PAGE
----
The phone interview is often the first step in the interview process, and serves to accomplish two goals. First, to determine whether the candidate should be brought in for an onsite interview. Second, to build a relationship with the candidate so they stay engaged in your recruitment process. Interviewing is a two-way street, and it’s important to determine mutual fit at each touchpoint. If you want to optimize the beginning of your interview process, try implementing some of these phone interview tips, afterwards, check out this list of phone interview questions to ask.
Phone Interview Tips
Tip 1: Build a structured interview process before conducting an interview
At the beginning of your recruitment process, hold a kickoff meeting with your hiring manager to determine the must-have skills and values you want to see in a candidate. Use those to create questions that your interviewer will ask each candidate during the phone interview. Doing so will ensure that you evaluate all candidates on the same criteria.
Tip 2: Be flexible with scheduling the phone interview
When scheduling interviews, it’s best to ask the candidate for their availability first, and work around it. This could mean being available during the lunch hour, or outside of normal business hours. Your candidates are just as busy as you are—if not more, because they’re juggling their current job with the job seeking process. Make it easy for them to schedule a time to chat.
Tip 3: Eliminate the phone interview, if needed
If a top-tier candidate isn’t sure about engaging in your interview process, offer to set them up for a quick phone call or coffee with the hiring manager instead. It will essentially serve the same purpose, but the candidate may be more likely to accept a meeting with someone who speaks their language.
Tip 4: Interview tips for your interviewers
Consider the scores your interviewer gives to each candidate, and whether they’re consistent with onsite interview scores. Also consider whether interviewers give high scores to candidates who were eventually hired, or low scores to those who were not. Some interviewers may be better equipped to assess candidates at the phone interview stage, while others may benefit from some coaching to help them better identify strong candidates.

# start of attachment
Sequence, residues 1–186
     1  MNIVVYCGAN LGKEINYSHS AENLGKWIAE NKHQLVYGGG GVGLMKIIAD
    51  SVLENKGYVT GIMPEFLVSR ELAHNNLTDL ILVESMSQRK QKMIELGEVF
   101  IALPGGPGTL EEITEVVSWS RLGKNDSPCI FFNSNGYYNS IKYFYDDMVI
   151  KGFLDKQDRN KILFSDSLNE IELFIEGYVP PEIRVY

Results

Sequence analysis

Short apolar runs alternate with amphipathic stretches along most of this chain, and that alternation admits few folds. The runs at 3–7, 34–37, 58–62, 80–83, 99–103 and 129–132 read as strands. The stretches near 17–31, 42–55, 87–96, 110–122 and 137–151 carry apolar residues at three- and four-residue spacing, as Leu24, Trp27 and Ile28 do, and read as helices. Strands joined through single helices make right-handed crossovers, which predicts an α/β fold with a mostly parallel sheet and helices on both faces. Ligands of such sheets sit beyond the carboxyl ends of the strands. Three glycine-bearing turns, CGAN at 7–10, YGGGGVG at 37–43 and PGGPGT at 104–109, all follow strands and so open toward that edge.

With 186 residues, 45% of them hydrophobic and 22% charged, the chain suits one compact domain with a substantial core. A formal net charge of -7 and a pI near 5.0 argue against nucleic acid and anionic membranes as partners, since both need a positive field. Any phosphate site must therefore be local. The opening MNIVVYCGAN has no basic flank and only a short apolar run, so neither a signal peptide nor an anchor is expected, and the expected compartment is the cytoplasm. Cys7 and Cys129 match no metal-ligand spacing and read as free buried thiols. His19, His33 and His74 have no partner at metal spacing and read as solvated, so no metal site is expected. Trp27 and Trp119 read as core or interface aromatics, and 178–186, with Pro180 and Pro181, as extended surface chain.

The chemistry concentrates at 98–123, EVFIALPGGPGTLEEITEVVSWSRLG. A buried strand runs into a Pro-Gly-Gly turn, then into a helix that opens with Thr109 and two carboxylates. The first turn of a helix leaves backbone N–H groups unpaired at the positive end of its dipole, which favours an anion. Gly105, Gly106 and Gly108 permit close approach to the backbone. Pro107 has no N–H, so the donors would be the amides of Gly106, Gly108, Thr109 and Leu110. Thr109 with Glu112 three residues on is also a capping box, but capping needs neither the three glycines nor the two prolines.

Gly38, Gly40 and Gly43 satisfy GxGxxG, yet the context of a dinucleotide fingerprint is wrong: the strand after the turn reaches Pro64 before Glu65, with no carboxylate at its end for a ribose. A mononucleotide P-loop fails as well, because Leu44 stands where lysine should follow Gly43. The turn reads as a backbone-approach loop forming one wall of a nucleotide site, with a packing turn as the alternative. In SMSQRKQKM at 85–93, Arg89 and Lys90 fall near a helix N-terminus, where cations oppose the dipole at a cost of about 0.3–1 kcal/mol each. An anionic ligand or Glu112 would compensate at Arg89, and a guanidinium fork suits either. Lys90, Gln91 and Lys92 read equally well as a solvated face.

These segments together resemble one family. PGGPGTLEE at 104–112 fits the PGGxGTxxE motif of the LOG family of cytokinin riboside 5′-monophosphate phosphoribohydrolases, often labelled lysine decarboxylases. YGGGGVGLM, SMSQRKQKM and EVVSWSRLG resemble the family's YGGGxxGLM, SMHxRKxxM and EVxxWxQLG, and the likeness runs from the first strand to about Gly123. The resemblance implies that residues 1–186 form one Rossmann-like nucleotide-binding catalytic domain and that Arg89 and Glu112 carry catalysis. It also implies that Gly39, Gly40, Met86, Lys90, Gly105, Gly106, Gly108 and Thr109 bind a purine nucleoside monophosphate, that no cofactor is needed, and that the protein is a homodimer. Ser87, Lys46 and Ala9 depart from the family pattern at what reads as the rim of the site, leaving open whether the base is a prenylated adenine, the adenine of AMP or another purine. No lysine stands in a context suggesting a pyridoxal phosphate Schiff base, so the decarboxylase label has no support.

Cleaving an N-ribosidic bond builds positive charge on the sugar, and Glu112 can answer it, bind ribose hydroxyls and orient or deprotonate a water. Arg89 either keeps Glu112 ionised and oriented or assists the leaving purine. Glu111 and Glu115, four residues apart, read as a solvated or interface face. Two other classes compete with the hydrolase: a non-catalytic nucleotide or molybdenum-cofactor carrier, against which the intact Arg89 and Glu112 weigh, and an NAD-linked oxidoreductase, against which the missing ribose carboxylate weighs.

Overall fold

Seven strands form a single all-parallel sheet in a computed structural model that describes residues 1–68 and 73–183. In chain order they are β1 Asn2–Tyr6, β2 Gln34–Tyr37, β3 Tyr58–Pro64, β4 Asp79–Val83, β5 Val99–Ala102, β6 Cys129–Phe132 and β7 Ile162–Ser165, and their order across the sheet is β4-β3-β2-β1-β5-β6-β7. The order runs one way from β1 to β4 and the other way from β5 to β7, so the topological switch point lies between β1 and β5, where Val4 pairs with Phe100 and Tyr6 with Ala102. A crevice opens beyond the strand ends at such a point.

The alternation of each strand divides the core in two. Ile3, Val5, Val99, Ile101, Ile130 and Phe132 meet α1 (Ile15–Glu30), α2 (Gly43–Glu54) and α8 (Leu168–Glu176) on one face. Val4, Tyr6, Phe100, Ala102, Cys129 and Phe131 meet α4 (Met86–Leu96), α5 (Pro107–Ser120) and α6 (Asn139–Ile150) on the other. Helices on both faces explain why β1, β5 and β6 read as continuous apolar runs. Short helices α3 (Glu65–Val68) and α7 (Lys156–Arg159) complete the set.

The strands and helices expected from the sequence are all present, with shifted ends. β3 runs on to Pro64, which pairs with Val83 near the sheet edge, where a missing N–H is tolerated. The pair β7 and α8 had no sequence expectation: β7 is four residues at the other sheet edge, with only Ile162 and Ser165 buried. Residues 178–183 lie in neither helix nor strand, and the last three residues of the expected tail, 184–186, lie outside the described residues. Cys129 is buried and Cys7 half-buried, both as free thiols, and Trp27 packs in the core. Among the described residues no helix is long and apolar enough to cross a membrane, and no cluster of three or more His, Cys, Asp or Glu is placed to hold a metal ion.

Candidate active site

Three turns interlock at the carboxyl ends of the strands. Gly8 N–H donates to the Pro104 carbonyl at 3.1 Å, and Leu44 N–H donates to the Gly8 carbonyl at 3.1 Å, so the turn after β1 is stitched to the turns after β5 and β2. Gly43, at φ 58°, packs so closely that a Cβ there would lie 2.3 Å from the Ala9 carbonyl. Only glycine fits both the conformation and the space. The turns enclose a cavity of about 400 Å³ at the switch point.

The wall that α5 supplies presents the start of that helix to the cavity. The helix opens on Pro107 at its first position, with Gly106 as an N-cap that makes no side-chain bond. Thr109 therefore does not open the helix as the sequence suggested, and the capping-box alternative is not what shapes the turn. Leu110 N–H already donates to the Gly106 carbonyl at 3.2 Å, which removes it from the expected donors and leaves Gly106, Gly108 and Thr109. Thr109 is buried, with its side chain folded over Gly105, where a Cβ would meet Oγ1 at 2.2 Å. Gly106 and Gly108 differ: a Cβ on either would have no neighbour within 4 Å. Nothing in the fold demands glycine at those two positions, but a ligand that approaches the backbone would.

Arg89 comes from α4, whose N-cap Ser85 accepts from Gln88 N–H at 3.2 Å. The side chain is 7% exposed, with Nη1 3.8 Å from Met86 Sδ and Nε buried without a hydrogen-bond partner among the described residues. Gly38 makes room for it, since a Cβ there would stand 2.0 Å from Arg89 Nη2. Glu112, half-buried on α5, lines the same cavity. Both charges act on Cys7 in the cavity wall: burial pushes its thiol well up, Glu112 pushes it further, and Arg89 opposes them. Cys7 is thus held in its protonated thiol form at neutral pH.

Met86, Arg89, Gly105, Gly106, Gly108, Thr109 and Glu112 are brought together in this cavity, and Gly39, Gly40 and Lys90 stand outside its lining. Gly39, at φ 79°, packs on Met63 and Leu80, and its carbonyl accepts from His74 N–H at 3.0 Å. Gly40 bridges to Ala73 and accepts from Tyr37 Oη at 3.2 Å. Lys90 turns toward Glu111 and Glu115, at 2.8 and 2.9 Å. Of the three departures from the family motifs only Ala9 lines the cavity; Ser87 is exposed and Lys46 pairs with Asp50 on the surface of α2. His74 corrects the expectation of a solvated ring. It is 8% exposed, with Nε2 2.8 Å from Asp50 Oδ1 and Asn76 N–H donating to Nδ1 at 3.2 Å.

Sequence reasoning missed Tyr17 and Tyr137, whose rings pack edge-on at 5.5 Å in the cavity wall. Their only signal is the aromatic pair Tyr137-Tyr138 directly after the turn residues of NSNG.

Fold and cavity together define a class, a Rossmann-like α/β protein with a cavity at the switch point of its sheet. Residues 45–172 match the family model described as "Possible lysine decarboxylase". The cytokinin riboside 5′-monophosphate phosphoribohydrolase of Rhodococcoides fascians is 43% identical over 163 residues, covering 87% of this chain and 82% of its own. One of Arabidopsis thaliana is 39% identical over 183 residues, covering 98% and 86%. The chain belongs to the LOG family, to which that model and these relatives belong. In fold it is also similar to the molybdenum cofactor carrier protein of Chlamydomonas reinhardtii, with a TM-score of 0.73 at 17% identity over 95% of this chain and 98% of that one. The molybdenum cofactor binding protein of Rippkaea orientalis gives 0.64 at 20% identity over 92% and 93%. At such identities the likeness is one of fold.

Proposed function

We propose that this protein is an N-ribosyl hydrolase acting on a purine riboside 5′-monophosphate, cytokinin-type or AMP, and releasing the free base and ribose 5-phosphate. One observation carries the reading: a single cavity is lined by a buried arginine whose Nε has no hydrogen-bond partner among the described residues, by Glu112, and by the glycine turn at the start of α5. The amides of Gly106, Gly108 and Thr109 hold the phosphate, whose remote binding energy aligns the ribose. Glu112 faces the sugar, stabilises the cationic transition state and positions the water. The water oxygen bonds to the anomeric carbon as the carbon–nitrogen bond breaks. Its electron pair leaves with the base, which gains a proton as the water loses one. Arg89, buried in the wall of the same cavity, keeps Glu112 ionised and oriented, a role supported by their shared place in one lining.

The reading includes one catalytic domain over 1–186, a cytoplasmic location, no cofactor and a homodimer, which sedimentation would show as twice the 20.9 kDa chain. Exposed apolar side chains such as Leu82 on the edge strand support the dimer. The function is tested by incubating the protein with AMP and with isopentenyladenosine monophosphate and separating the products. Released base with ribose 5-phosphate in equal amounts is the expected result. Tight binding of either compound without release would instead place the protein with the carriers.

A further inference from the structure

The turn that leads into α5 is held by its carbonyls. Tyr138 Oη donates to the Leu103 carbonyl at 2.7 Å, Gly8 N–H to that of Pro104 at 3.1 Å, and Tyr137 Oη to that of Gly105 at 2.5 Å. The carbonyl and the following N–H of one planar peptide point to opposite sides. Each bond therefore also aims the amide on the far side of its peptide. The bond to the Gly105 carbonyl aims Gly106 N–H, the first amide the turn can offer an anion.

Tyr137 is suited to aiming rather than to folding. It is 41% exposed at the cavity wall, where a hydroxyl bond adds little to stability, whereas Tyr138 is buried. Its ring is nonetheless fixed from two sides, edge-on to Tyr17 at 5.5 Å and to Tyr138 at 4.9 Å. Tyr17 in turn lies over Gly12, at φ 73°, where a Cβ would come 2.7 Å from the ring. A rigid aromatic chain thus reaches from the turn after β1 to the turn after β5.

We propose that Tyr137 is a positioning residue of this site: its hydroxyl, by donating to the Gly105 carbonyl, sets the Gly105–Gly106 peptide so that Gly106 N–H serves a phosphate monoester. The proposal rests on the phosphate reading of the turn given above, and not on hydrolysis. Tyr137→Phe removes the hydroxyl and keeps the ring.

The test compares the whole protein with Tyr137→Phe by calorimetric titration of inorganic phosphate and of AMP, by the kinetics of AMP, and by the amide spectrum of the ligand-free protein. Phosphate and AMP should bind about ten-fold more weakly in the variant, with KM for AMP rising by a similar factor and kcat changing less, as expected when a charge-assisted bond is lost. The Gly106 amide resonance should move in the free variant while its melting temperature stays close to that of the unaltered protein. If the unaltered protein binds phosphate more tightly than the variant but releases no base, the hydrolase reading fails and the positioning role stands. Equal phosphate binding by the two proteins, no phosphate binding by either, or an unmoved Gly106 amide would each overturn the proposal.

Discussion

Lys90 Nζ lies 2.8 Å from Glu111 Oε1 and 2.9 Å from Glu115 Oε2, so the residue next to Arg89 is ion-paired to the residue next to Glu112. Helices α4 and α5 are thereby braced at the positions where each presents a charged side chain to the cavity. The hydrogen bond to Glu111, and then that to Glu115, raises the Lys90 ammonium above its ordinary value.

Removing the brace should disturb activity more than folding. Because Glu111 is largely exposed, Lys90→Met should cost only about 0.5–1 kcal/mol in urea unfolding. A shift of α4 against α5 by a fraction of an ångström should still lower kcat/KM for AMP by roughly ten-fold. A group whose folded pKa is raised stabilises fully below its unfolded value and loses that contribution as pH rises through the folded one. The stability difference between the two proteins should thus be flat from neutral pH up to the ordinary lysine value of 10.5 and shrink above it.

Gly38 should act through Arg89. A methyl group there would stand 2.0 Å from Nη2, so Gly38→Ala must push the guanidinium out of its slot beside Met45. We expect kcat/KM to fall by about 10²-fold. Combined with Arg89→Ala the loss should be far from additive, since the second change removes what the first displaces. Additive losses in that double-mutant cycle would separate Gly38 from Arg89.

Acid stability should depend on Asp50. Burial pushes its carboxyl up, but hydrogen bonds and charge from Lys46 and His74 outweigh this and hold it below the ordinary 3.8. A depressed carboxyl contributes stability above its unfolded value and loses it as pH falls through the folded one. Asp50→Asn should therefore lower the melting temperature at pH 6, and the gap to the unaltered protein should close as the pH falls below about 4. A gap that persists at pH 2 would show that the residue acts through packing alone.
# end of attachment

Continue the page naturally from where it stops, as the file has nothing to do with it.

Tip 5: Be prepared for phone interviews
Schedule time before each phone interview for the interviewer to review the candidate’s resume, the job description, and the questions you would like to ask. This provides a buffer to ensure the interviewer on time and prepared, so that each candidate can feel valued and leaves with a positive impression of your organization.
Tip 6: Learn your candidate’s motivations early
The phone interview is the perfect time to learn your candidate’s motivations for considering a new role. You can then use this information throughout the rest of your recruitment process to sell them on your opportunity. You may even find that their motivations align with your core values, giving you a better idea of culture-fit.
Tip 7: Give candidates the opportunity to ask questions
Candidates are screening you just as much as you are screening them, and it’s in your best interest to ensure a mutual fit. Allow the candidate to ask their own questions throughout the phone interview, and leave time at the end of the call for anything else they would like to ask. You may even glean some additional information about the candidate from what they ask, so pay attention to the things they’re interested in speaking about.
Tip 8: Let them know about next steps after the phone interview
At the end of the phone interview, let the candidate know what the rest of your recruitment process will look like, and when they can expect to hear back. Then follow through on what you say—even if it’s just a quick note to let them know you’ll need more time to make a decision.
Tip 9: Gather internal feedback quickly
Block 15 minutes on the interviewer’s calendar after the interview to get feedback while it’s still fresh in their mind. Then make sure the hiring manager reviews it in a timely fashion so they can weigh in on which candidates they’d like to see at the onsite. Gathering feedback quickly will keep your process moving along, so you can fill your role sooner and mitigate the risk of losing candidates to your competitors.
Phone interview tips: Conclusion
The phone interview is intended is to shortlist the right candidates for your opportunity, and engage them in your hiring process. It’s important to gauge the candidate for both skill and culture-fit, while also allowing the candidate to determine if your opportunity is the right one for them. When many companies are treating the phone interview as an administrative task, your organization can appeal to top-tier candidates by conducting a stand-out phone interview.
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